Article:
State officials and lawyers for Flint residents announced the settlement, which Attorney General Dana Nessel said likely would be the largest in Michigan history, with tens of thousands of potential claimants. It's designed primarily to benefit children, who were most vulnerable to the debilitating effects of lead that fouled drinking water after Flint switched its source to save money in 2014 while under supervision of a state financial manager.
City workers followed state environmental officials' advice not to use anti-corrosive additives. Without those treatments, water from the Flint River scraped lead from aging pipes and fixtures, contaminating tap water.
The disaster made Flint a nationwide symbol of governmental mismanagement, with residents of the city of nearly 100,000 lining up for bottled water and parents fearful their children had suffered permanent harm. A criminal investigation that has resulted in only misdemeanor no-contest pleas so far was resumed last year.
“What happened in Flint should have never happened, and financial compensation with this settlement is just one of the many ways we can continue to show our support for the city of Flint and its families," Whitmer, a Democrat, said.
Several judges must approve the agreement, which is intended to resolve all claims against the state. Residents can decline to take part and file separate lawsuits, but attorneys involved in the negotiations said they would urge their clients to participate.
"It’s not perfect. But it is fair, it’s reasonable, it’s equitable,” said attorney Michael Pitt.
Suits also have been filed against the city, the U.S. Environmental Protection Agency and two engineering consulting firms. They could join the state settlement by contributing agreed-on sums to the $600 million compensation fund.
The agreement establishes a process for submitting claims. Amounts awarded will depend on the number of claims and the extent of damage a person sustained between April 25, 2014, and July 31, 2016.
Nearly 80% will be distributed to claimants who were minors, with the largest share — 64.5% — going to those who were 6 or younger when first exposed to the contaminated water. About 30,000 children lived in Flint at the time.
Lead can harm people at any age but is especially dangerous to children, potentially damaging the brain and nervous system and causing learning and behavior problems.
Some 18% will go to adults and the rest to businesses or other specified relief programs.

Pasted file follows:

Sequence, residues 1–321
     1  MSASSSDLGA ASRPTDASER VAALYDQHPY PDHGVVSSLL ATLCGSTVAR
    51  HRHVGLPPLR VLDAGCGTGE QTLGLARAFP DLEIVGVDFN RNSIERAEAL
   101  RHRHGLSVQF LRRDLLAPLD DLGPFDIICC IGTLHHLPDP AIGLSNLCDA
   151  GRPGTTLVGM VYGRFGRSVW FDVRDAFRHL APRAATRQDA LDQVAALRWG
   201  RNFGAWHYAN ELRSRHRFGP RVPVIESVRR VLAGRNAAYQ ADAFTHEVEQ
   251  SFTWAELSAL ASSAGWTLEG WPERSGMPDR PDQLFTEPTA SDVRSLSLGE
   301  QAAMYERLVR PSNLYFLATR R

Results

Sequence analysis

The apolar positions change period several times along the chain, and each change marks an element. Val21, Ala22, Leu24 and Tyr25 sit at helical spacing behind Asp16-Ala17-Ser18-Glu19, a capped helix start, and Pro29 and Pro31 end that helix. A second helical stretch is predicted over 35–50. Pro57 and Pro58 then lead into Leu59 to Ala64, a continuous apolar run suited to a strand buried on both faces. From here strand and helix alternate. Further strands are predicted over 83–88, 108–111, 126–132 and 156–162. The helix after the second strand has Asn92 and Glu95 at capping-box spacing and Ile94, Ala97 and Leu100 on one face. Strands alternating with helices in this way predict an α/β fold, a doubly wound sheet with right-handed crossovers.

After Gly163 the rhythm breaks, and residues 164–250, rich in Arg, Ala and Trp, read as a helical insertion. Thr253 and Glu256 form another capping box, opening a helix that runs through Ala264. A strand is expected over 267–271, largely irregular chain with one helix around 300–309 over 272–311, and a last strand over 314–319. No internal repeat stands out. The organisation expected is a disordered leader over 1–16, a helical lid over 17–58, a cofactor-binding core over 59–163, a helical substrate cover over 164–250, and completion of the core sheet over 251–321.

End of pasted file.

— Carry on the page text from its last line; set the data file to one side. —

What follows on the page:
Corey Stern, an attorney who represents about 2,600 minors, said many children likely would receive payments in the “high-five to low-six-figure” range, with those badly harmed getting even more. He described it as “the largest single settlement involving lead poisoned children in our nation's history.”
Melissa Mays sued the state on behalf of her three sons, saying they have had medical and educational difficulties because of lead exposure.
“You can’t fix this with money," Mays, a social worker, said. "You can help make our lives a little less horrid because in no way, shape or form should traumatized victims be scraping by just to survive month to month. In no way is this going to replace my kids’ brains, their lungs, their livers, their learning ability.”
At least $9 million will be earmarked to settle a case involving kids who weren't being provided with special education services, said Gregory Little, an attorney with the Education Law Center.
Flint had long purchased drinking water from Detroit, about 70 miles (113 kilometers) south, but switched to the Flint River in April 2014. It was among money-saving measures recommended by an emergency manager appointed by then-Gov. Rick Snyder.
Residents complained that the water was discolored and tasted and smelled bad. They blamed it for rashes, hair loss and other health concerns, but local and state officials insisted it was safe.
Researchers with Virginia Tech University reported in summer 2015 that samples of Flint water had abnormally high lead levels. A group of doctors subsequently announced that local children had high lead levels in their blood.
Snyder, a Republican, eventually acknowledged the problem, accepted the resignation of his environmental chief and pledged to aid the city, which resumed using Detroit water.
Many residents used bottled water for drinking and household needs for more than a year. Researchers said in late 2016 that lead was no longer detectable in many homes.
Dr. Mona Hanna-Attisha, a Flint pediatrician who led the investigation that discovered the high lead levels in children, said it will take decades to restore trust.
"I am hopeful this settlement serves as a reminder of Flint’s lessons: where the perfect storm of environmental injustice, indifferent bureaucracy, lost democracy and austerity, compounded by decades of racism and deindustrialization, left a city powerless and forgotten," she said.
Flesher reported from Traverse City, Michigan. AP reporter Ed White in Detroit and researcher Rhonda Shafner in New York contributed to this report.
This story has been corrected to show that pleas to criminal charges were no-contest instead of guilty.